Tag Archives: PnP

Get list of new SPO sites with PowerShell

Scenario

Let say you administer Microsoft 365 SharePoint Online and you want to get a list of new SharePoint sites (e.g. sites created during last week/month).

With GUI it’s done easily: SharePoint Admin Center -> Active Sites -> sort based on “Date Created” – done.

With PowerShell – not so simple.
“Get-PnPTenantSite” cmdlet returns site objects but the object does not have “Created” field. You have to connect separately to each site and get root web object where you can check when the web was created. For small environments it is possible, for large environments it can take days… And still not nice.
-Filter option would help, but “…Currently, you can filter by these properties: Owner, Template, LockState, Url.”

Get-SPOSite – similar experience.

Solution

Microsoft Graph API helps. It returns result in seconds. There are some pros and cons for each method though.

Option #1: Microsoft Graph Search API.

Entry point: https://graph.microsoft.com/v1.0/search/query

Microsoft Graph Search API allows KQL in queries. So we can form a query with something like “created>=1/1/2021” and use entity type = ‘[“site”]’. Search should return only sites created after Jan 01, 2021.

Check PowerShell script sample here: Get-NewSites.ps1
https://github.com/VladilenK/PowerShell/blob/main/reports/SharePoint/Get-NewSites.ps1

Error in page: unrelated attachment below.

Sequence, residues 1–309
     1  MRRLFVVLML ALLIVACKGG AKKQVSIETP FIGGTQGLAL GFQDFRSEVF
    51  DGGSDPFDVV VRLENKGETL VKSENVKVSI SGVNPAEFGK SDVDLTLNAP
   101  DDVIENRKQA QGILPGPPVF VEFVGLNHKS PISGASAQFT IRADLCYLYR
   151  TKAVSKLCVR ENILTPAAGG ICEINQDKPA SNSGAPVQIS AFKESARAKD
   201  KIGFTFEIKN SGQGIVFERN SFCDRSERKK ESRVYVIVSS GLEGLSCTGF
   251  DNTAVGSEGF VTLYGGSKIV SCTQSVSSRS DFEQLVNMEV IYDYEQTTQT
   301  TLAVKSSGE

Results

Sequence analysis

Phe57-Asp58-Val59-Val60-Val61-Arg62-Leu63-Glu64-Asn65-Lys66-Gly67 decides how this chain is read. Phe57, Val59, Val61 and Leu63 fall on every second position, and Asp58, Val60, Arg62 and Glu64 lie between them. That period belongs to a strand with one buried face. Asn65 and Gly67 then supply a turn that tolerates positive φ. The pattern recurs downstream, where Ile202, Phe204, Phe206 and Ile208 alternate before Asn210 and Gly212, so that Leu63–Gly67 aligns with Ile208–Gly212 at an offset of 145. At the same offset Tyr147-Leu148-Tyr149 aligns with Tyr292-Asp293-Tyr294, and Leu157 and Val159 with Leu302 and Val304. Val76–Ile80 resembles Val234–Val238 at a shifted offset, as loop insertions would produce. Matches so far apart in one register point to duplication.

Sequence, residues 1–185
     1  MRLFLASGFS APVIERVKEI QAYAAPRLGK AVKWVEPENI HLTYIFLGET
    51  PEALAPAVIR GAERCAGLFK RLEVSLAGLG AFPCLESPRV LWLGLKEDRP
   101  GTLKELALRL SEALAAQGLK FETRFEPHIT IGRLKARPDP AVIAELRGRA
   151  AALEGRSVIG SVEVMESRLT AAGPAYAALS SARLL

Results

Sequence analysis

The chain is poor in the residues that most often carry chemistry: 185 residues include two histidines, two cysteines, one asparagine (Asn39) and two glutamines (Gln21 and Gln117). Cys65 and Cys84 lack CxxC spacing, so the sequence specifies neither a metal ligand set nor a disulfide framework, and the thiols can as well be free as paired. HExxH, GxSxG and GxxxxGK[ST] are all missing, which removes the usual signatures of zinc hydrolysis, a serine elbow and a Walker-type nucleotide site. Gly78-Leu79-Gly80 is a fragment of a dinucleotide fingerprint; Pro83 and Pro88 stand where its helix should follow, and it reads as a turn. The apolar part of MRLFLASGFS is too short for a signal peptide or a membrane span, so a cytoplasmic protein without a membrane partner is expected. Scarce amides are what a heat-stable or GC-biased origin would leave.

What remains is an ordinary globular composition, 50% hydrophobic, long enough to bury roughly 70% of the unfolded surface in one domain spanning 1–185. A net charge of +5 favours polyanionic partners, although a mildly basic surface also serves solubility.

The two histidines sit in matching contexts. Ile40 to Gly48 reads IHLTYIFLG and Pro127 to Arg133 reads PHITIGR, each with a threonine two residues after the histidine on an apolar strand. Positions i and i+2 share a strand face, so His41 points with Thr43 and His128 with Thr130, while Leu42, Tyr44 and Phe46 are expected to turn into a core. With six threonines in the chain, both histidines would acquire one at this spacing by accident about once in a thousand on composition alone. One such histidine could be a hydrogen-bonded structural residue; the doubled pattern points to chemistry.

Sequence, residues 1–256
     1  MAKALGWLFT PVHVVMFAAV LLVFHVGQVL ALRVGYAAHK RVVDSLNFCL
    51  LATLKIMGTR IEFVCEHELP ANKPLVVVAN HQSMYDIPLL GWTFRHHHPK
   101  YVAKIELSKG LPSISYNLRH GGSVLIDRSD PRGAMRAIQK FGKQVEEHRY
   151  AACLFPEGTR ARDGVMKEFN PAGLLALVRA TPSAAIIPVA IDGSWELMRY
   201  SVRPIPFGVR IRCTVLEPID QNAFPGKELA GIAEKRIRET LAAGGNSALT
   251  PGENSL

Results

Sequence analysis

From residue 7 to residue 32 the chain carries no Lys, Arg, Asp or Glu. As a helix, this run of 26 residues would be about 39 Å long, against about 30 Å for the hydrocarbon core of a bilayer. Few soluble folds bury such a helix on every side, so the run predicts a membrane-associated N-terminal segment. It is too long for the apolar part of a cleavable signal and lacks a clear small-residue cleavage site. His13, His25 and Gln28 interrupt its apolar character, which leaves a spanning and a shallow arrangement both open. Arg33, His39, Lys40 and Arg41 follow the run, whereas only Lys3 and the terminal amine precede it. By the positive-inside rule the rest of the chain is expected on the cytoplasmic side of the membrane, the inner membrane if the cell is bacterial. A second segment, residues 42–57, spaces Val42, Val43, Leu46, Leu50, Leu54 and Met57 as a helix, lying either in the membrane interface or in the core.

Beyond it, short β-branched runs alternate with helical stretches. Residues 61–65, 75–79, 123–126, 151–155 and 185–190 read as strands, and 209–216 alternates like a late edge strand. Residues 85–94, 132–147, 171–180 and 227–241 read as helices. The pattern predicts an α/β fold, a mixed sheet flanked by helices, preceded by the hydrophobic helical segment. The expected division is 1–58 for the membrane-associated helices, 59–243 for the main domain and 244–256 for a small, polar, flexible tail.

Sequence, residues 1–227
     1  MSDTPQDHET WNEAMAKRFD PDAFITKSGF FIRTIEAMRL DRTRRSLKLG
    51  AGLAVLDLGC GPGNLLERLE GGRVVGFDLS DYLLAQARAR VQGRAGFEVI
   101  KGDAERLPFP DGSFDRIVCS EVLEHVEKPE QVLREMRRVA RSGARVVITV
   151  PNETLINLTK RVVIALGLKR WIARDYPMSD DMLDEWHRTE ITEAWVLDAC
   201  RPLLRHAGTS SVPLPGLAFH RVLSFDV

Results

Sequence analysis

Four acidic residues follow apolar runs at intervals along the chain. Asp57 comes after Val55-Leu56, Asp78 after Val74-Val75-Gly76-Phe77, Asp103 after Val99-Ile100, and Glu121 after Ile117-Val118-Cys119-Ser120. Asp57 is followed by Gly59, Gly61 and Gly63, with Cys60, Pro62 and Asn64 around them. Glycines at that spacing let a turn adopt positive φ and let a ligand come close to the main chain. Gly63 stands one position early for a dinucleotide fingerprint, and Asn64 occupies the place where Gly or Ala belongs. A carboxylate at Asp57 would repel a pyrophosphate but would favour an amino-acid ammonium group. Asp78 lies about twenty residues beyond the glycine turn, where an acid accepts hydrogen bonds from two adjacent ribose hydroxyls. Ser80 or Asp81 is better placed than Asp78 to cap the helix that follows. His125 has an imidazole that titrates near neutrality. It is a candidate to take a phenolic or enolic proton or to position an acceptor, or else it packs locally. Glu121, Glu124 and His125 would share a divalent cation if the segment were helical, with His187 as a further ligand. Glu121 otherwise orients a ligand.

If you are getting more than 500 results – think of paging.

Option #2: Microsoft Graph Sites API

Entry point: https://graph.microsoft.com/v1.0/sites

This option is also based on Microsoft Graph API, but sites entry point, which allows search too and sort results by property “createdDateTime”. So we will just search for everything and select how many results we need based on createdDateTime property.

Check PowerShell script sample here: Get-NewSites.ps1
https://github.com/VladilenK/PowerShell/blob/main/reports/SharePoint/Get-NewSites.ps1

References

Retrieve programmatically SharePoint Online system page html content

How can I get HTML content of a SharePoint online page from code, e.g. PowerShell?

Invoke-WebRequest returns “Sign in to your account” page, not a real page, even with -Token option.

Thanks to Denis Molodtsov, the solution is found. It turns out the “Invoke-PnPSPRestMethod” PnP cmdlet works not only against /api endpoints, but also against site pages and system pages.

But (as per my experience) it works only with PnP.PowerShell and with -UseWebLogin authentication option and with -raw parameter.

Connect-PnPOnline -url $siteUrl -UseWebLogin
Invoke-PnPSPRestMethod -url /_layouts/15/viewlsts.aspx -Raw

Other combination of authentication options ( -interactive, -clientId, -Token, -SPOManagementShell, -PnPManagementShell ) – worked well, but only for /_api endpoints, and gave me “401 UNAUTHORIZED” against system/site pages.
Unattended authentication (with clientId, clientSecret and certificate) – same.

Legacy PnP module SharePointPnPPowerShellOnline did not work at all: “EXCEPTION,PnP.PowerShell.Commands.Admin.InvokeSPRestMethod”.

I tested it with
– SharePointPnPPowerShellOnline v 3.29.2101.0 (under Windows PowerShell 5.1) and
– PnP.PowerShell 1.8.0. (both Windows PowerShell 5.1 and .net core PowerShell 7.1.5)

PowerShell Script to Fetch All Alerts from SharePoint Online Site

PowerShell Script to get All Alerts of all Users from a specific SharePoint Online Site Collection, including subsites: